Global and Domestic Supply Chains: Does the Governance Matter for Local Suppliers' Performance?

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Pietrobelli, Carlo
Saliola, Federica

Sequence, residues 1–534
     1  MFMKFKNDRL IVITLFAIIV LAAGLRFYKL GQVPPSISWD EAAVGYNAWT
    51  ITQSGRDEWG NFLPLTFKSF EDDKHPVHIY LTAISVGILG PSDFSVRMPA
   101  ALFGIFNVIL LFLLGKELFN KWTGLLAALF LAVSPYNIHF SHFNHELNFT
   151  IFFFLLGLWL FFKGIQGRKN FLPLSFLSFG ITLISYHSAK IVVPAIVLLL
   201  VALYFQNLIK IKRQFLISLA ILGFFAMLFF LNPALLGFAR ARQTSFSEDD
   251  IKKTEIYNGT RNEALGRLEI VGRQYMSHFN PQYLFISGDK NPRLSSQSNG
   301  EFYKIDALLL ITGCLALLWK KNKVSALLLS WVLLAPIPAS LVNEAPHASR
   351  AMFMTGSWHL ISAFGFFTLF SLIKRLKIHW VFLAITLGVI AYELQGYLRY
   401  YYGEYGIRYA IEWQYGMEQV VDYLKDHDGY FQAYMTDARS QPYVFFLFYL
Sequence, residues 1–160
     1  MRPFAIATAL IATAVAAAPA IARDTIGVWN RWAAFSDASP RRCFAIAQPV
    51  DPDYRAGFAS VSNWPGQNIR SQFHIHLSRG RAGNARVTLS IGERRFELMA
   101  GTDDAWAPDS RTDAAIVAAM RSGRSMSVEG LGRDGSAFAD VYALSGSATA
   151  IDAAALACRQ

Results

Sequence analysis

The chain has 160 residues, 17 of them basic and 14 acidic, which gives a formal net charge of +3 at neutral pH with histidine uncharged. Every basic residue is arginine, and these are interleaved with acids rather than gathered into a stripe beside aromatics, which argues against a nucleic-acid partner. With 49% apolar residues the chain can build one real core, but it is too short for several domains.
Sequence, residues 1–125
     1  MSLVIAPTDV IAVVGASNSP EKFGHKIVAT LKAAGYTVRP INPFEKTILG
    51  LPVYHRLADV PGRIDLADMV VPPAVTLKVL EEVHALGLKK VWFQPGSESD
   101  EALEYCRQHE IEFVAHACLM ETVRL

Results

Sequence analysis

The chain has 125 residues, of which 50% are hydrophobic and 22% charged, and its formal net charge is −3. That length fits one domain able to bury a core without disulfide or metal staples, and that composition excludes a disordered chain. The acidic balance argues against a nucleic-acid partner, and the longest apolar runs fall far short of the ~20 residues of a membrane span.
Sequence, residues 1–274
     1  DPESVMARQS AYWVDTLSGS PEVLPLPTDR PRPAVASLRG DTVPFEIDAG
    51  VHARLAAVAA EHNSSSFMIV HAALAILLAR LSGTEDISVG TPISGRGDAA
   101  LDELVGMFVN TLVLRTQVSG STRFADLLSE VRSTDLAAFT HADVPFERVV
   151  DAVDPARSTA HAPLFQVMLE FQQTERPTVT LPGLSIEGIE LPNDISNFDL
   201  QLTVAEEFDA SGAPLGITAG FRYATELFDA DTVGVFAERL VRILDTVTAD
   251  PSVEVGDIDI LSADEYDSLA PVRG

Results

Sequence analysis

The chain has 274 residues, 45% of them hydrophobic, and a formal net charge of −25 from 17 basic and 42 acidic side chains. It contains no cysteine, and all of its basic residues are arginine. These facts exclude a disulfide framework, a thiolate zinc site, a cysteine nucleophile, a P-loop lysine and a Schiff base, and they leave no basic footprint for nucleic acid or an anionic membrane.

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There is a growing literature exploring the increasing fragmentation of production processes and the evolution of internationally-dispersed but functionally-integrated economic activities. However, most of this literature appears to neglect an important part of the story, that is the form and the organization of the relationships (the governance) among the various actors involved in these activities, and their implications for development. We develop this analysis in this paper, and explore it empirically with a new dataset on Thailand. In order to address this issue, we study global and domestic value chains in Thailand, and develop a quantitative measure of their governance, which takes into account different levels and types of buyers’ involvement with suppliers’ activities. We then use this measure to explore econometrically its relationship with suppliers’ performance. An important finding is that the relationships MNCs have with their suppliers is multifold and generally more intense than for domestic value chains. Our estimates suggest that more intense buyers’ involvement with local suppliers, not only in the definition of products’ characteristics, design and quality, but also in technology dissemination and R&D is generally associated with higher suppliers’ productivity. However, the governance of the value chain appears to affect the productivity of domestic value chains’ suppliers to a greater extent than for firms supplying MNCs or for exporters. We suggest that this result may be explained by the different nature of the information and knowledge being exchanged, and by the gaps between the leader and its suppliers.
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